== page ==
Web site:

Scientific writings:

Selected media: New York Times, Aeon, Fast Company, Le Monde (video), Artsy, Venture Beat


Past research


quantifying the evolution of artificial intelligence (2018-2019)

In this work, we use bibliometric analysis to quantify the evolution of citation patterns in AI research. We investigate how AI researchers build on research from other fields, but also how other fields build on AI research. The trends highlight interesting patterns, such as: the diminishing reliance on psychology and cognitive science, the growing role of industrial research labs, and the observation that the social and behavioral sciences are not keeping up with the volume of AI research.

Scientific writings:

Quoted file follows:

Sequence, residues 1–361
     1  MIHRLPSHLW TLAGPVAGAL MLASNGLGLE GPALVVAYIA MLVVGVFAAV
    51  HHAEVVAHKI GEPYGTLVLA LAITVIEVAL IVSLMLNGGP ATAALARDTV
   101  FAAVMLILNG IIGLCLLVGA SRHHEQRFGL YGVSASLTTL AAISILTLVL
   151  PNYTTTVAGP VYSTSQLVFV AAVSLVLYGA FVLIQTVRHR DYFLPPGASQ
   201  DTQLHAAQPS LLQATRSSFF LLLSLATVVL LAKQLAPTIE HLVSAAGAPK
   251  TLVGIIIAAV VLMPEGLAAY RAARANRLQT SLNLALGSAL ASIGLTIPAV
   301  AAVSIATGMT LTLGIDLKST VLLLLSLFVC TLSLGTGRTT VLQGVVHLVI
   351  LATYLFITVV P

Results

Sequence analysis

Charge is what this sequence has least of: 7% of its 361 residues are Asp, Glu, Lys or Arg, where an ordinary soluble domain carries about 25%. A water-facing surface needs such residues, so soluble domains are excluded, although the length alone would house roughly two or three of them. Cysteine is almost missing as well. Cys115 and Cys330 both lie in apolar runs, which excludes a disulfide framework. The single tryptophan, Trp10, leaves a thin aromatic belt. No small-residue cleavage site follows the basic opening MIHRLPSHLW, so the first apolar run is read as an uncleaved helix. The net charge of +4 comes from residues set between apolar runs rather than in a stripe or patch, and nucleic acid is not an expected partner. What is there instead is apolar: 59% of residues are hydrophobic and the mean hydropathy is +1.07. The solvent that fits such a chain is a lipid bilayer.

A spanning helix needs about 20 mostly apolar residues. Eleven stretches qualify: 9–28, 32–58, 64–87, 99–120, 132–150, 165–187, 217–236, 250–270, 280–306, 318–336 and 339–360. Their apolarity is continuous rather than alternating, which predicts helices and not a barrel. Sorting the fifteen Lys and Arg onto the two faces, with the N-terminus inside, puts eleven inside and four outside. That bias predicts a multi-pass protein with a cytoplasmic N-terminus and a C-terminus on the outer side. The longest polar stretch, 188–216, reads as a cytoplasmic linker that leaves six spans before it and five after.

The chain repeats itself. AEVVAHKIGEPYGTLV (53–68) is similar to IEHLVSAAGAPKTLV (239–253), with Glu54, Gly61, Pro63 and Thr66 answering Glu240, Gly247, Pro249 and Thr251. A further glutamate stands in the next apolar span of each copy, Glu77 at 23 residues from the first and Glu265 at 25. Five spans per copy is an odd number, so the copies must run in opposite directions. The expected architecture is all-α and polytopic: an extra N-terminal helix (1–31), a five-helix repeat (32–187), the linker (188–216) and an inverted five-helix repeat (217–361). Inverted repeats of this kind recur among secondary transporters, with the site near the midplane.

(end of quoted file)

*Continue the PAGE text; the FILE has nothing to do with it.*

evolution of the social contract (2016-2018)

Political constitutions describe the fundamental principles by which nation-states are governed, the political and legal state institutions, the powers, procedures, and duties of those institutions, and the rights and responsibilities of individuals. How do these constitutions develop over long periods of time? What is the interplay between colonial history and global, time varying trends in determining the characteristics of a country's constitution? We explore these questions using new techniques of computational social science.

Companion Web site:

Scientific writings:

Selected Media: Nature News, UNICEF Blog, Open Global Rights


measuring cooperation at scale (2016-2018)